Childhood experience inspires student to become paramedic

A photo of Kristie Krueger in front of an ambulance at Vital Link

At the age of 7, Kristie Krueger was diagnosed with a cardiac condition. That condition resulted in several trips to the hospital via an ambulance in her childhood. The care she received from the emergency medical technicians and paramedics on those trips inspired her to become a paramedic.

“I’ve known I wanted to work on an ambulance since I was a kid. The care I received was inspiring, and I fell in love with the profession,” Krueger said. She is currently working toward her technical certificate in emergency medical technology-paramedic at the University of Arkansas Community College at Batesville.

Krueger moved to Independence County from Chicago, Ill. in 2007. She worked at White River Medical Center as a patient care technician and a telemetry technician monitoring heart monitors for cardiac patients before she decided to pursue her dream of being a paramedic.

“I started taking classes at UACCB in 2010, but life got in the way, and I had to take a step back. I came back to school in the summer of 2016,” Krueger said.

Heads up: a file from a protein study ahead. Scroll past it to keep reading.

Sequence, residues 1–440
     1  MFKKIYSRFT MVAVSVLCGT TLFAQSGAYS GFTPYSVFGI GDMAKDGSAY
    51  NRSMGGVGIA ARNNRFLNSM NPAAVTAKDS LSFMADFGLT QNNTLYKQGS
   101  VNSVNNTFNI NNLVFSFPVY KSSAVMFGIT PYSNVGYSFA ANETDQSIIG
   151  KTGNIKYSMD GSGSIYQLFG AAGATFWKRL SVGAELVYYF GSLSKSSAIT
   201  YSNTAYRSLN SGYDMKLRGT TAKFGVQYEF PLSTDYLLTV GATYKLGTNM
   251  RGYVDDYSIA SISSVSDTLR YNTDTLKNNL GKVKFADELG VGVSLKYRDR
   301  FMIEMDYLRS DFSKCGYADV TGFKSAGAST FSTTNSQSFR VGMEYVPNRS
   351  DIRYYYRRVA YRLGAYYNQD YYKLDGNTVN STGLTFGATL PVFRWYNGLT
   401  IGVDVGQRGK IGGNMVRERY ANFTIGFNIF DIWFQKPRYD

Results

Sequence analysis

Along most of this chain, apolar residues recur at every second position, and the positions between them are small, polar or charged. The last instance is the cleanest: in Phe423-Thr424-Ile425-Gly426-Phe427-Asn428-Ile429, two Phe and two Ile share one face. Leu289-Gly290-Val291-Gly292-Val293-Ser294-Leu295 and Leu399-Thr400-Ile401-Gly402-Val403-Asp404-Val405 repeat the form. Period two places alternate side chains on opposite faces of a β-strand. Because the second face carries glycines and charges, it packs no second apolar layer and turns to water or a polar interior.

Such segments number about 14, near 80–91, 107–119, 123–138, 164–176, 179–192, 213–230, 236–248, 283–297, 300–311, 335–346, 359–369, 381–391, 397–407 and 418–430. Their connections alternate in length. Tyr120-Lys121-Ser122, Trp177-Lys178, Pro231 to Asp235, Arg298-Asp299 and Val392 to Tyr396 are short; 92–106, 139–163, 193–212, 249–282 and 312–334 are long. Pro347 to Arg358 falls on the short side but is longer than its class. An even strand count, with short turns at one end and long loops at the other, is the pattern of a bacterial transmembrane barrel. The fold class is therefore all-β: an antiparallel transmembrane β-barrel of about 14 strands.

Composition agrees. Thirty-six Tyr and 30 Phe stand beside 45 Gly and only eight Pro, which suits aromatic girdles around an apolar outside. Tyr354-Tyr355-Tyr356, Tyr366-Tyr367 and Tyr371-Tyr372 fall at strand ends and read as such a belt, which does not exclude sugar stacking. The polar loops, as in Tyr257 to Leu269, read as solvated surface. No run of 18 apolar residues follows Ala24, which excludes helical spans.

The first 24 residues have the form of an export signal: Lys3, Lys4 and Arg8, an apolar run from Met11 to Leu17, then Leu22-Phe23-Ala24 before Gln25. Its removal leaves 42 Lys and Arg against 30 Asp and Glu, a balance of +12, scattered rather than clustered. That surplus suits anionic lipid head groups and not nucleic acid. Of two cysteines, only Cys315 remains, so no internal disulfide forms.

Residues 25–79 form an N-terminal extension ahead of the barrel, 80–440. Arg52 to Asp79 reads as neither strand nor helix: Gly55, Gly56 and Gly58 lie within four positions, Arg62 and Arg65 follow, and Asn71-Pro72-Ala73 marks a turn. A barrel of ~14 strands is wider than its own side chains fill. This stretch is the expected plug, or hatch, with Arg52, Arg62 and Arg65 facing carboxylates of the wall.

Krueger said the paramedic program is a fun but challenging experience with extensive hands-on training. Students complete 600 clinical hours, 400 hours of training on an ambulance and a total of 200 hours of training at the hospital in various areas including the emergency room, obstetrics and operating room along with training at Sherwood Urgent Care. Krueger also works full-time at Vital Link and part-time for Medic One in Jonesboro. She said the positive impact she is able to make in her patients’ lives helps her through the difficult parts of being a paramedic.

“This is not a job for everyone. You see things that are hard to take in … things that can make you sick to your stomach. But it’s worth it at the end of the day when you know you’ve been able to help someone through a scary time in their life or potentially saved their life,” Krueger said. “What may not seem like an emergency to you is an emergency to the person that called 911, so you have to be caring and compassionate to be successful in this profession.”

Krueger lives in Southside with her children, Natalynn, 6, and Nicholas, 12. She said her children help keep her motivated to reach her professional goals.

“My kids are very proud of what I do. They support me and encourage me. They get excited about what I do,” she said. “In five years, I hope to have my paramedic license, be successful in my profession and keep striving to be a great mom.”


Check out Kristie's video interview on Facebook.